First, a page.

Terry and I the Piano Man!
I do Like to Be Beside the Seaside!
Hello every-one – here we are part three as promised as I tell you about the final stage of the tour which this time took Paul and I onto Grenta Green. Sadly I have to confess I’m a little short of photos to illustrate this part of the tour. My battery ran out on my camera and although my mother very kindly sent the battery
charger onto Willington Hall I didn’t receive it in time before leaving for Scotland. The one good thing which came from this was I was able to book myself in for another night at Willington Hall on the bank holiday Monday. It broke my journey nicely and saved me from driving all the way from Gretna to Leighton Buzzard in one hit. Poor Paul however had to drive back straight after Sunday night’s show which I didn’t envy him for at all. At night it’s possible to wiz through with the roads clear of traffic and he was able to do Gretna to Portsmouth in 5 hours. Foutunetly for Paul he has a sports car called Mars Bar which can really move! Go Mars go!
As for photos you will have to forgive me I have had to pull a few from stock. Paul did take a few on his smart phone but as neither of us are very smart when it comes to tecknolagee he wasn’t able to e-mail them across to me. I am hoping he will be able to send them in time and when he does I will pop them up on facebook for you all to see. However all is not lost I do have one. It’s from Terry the gentleman who delivered the Grand Piano to the Richard Greenhow Centre and for whom I sang for – So thank-you Terry!
Put On Your Tatta!
Paul and I drove onto Grenta Green on Thursday 27th. I was engaged to sing for the towns WW1 feel good centenary. Grenta and Eastriggs were created exactly 100 years ago as workers flooded into the area to work in Munitions which helped with the war effort. The town had put on a special event which not only included myself but an old style music hall, a classic bus offering tours of the famous Munitions factory, a stylish WW1 tea room, heritage walks and educational workshops. On the Friday evening I was on stage at the Richard Greenhow Centre with the Scottish Academy of Music and the Annan Town Band. I had chosen my music very careful and performed “I do Like to Be Beside the Seaside” in my Edwardian swim suit as I thought it would be fun to wear the costume again. “Danny Boy” due to the beautiful arrangement which works wonderfully with piano and strings. “Put on Your Tatta Little Girly” so wore the white dress and hat with the tartan splash and “Love Will Find Away” from “Maid of the Mountains”. The last time I sang “Love Will Find Way” must have been 24 years ago so it was lovely to sing it again with the Palm Court Trio. A big thank-you to Musical Director and Scottish Academy principal Zelda Hill who invited me to join them. We had a short run through on the Friday morning and then had a full house for the concert on the Friday evening which was covered by Fergus Waddell of Annandale TV www.annandale.tv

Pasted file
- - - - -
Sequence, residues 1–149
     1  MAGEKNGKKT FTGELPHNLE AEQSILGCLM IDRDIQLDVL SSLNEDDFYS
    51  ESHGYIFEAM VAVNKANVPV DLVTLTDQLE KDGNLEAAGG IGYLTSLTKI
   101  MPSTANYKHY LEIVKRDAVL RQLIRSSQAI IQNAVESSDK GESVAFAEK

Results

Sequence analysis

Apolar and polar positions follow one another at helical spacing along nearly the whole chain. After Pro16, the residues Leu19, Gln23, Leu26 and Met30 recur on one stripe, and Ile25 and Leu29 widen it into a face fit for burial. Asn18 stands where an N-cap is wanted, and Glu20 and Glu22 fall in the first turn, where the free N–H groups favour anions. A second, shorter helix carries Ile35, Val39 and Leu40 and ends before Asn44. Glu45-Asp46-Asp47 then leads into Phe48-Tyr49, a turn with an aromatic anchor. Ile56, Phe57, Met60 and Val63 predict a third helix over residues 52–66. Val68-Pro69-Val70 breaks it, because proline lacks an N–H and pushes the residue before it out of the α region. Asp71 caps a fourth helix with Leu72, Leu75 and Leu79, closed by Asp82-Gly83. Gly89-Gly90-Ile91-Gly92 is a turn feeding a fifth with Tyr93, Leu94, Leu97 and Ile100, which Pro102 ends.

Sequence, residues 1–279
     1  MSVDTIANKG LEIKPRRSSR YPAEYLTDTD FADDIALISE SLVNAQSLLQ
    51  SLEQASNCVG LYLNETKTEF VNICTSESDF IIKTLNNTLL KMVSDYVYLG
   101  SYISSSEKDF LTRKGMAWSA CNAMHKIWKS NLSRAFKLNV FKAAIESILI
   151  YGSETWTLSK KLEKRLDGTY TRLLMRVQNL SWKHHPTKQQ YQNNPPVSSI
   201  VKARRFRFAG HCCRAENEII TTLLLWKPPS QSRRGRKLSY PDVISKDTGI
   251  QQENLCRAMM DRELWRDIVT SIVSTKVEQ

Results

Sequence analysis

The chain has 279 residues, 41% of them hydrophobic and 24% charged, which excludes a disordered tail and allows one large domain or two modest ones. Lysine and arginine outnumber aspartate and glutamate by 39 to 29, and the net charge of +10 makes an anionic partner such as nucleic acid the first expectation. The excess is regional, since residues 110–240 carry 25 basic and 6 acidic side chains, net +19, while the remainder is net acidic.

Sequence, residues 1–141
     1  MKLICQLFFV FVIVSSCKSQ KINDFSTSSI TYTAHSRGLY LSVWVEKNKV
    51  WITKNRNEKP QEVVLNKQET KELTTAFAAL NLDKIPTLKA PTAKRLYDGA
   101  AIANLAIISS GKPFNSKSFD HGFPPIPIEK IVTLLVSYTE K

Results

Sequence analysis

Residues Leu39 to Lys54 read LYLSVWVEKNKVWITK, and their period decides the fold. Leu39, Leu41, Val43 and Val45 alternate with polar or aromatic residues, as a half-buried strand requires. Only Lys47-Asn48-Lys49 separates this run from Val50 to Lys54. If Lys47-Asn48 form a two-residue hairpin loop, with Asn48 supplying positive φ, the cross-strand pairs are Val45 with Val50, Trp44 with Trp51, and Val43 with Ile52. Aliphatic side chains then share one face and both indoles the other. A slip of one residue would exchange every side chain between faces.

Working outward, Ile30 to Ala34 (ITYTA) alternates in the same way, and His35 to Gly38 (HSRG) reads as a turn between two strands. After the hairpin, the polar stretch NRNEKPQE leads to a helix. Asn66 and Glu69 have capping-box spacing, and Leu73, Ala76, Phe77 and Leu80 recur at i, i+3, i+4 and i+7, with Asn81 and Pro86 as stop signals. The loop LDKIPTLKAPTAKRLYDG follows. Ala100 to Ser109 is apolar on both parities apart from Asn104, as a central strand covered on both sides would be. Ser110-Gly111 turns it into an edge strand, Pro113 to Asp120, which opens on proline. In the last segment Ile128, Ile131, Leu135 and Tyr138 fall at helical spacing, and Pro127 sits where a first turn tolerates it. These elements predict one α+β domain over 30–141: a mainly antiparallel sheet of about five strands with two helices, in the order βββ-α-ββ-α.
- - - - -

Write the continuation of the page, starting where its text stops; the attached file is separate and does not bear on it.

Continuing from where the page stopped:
Me in My WW1 Costume!
I partially enjoyed Lucy McCutcheon performance of “Poor Wandering One” which she sang beautifully and Jerry Robinson’s Pirate King who’s voice suited perfectly. Both numbers are from the G&S Operetta The Pirates of Penzance and sat very well in Friday nights show. The Junior choir were charming as they sang “Where did you get that Hat” and “How Much is that Doggie in the Window”.
On Saturday I was out and about performing in my WW1 suit 3 sets for the festival. My first two shows took place in the WW1 tea rooms at the Richard Greenhow Centre and then Paul and I went over to Eastriggs where we performed an hours show at Baxter Hall for the local community. Eastriggs has a wonderful museum called The Devil’s Porridge which is dedicated to the women who worked in munitions. I would have liked more time to have look round but by the time we had finished our show the museum was just closing. On Sunday I was at All Saints Church which stands right in the heart of Gretna Green. I had been billed as An Evening with Fiona Harrison – Music and Song from the early 1900s and I was thrilled to include some opera which went down very well with the audience. For the first half I appeared in my WW1 blue velvet dress and silk hat changing into my top hat and tails Vesta Tilly style for part two. Paul sang and wowed the audience with his voice before having to dash away.
Pack Up Your Troubles Makes the Papers!
Thankyou to Ian Barr and Craig Peacock who worked so hard to make this “Pack Up Your Troubles” event such a success!
In my next blog I shall be telling you about this weekend of 1940 shows which took me to Eaton Bray and my home town of Leighton Buzzard.
Keep Watching and Toodle Pip!